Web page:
“The history of our continent is rich … we took inspiration from local Cameroonian traditions, like the Ngondo festival celebrated by the Sawa people, and we also incorporated symbolism adapted from that of the Akan people of Ghana, specifically the Adinkra writing style,” he told Ventures Africa.

While the company is thriving today, it was not the easiest task to get off the ground initially. One of the problems is the lack of consistent access to electricity, which sometimes results in power outages. Water is still the main source for electricity, so during the dry season, it can interrupt the work of many people who rely on this power.

It also was tough for Olivier and his friends to find funding, as there weren’t many people who believed in the project. Eventually Cameroon’s Ministry of Arts and Culture came through with some seed money and it was the start they needed. Olivier hopes his business will attract more investors to know how lucrative this market can be.

“Our continent is rising and it is important that as young Africans we contribute to its development,” he said.

Kiro-o-Games

The company also launched a Kickstarter campaign for one of their recent games and managed to raise €49,774 from backers.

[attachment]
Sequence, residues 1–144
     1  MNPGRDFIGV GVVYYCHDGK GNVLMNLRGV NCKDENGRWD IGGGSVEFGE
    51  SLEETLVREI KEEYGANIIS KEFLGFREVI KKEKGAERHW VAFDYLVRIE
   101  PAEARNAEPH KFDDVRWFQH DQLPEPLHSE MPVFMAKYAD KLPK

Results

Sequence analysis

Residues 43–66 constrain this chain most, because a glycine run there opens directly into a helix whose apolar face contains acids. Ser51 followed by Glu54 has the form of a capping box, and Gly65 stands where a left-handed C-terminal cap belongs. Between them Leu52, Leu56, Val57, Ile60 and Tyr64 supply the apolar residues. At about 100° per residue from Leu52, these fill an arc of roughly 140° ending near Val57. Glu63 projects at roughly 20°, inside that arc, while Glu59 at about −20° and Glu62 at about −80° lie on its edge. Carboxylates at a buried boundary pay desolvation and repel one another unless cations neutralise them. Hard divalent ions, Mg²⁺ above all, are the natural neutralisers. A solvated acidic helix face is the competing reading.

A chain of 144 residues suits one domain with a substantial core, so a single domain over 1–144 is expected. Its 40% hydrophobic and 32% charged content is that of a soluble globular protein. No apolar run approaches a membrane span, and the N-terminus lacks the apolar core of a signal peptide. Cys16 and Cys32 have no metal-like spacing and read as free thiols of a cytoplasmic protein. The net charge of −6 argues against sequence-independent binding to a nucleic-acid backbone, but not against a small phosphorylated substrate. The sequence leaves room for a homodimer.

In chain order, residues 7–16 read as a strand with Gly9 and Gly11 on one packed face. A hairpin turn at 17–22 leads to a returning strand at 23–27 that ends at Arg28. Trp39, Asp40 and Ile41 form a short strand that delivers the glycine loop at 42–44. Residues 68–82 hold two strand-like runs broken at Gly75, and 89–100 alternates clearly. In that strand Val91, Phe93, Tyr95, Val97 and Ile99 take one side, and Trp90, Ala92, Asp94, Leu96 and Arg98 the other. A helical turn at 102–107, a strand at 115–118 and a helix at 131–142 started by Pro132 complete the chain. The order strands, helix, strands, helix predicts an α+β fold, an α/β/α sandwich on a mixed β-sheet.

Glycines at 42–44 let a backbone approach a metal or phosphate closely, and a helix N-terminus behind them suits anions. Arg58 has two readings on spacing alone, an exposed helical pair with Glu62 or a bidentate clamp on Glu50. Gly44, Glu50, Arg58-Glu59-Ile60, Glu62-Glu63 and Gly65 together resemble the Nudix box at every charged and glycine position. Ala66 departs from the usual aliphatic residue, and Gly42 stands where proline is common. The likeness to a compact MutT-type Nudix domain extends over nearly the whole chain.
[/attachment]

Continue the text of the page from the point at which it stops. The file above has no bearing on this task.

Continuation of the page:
The name Kiro’o is derived from “kiroho maonno” Swahili for “spiritual vision”, something that can definitely be seen in their games. The ‘Aurion: Legacy of the Kori Odan’ game is set in a world of elemental energies and ancestral powers, where players assume the role of a traditional ruler, Enzo Kori-Odan, rightful ruler of the Zama kingdom, who uses the Aurion power granted him by his ancestors to regain control of his kingdom.

Enzo is the only remaining heir of the Kori-Odan family, which ruled over the city of Zama for generations. Erine is the young spouse of Enzo Kori-Odan, and fights alongside him in his quest to restore his legacy. Erine is a support character, she can heal her husband and launch special attack to combo with.

This is a big deal for central Africa, given that Kiro’o Games is said to be Cameroon’s first gaming company. They want to fill a previously ignored market.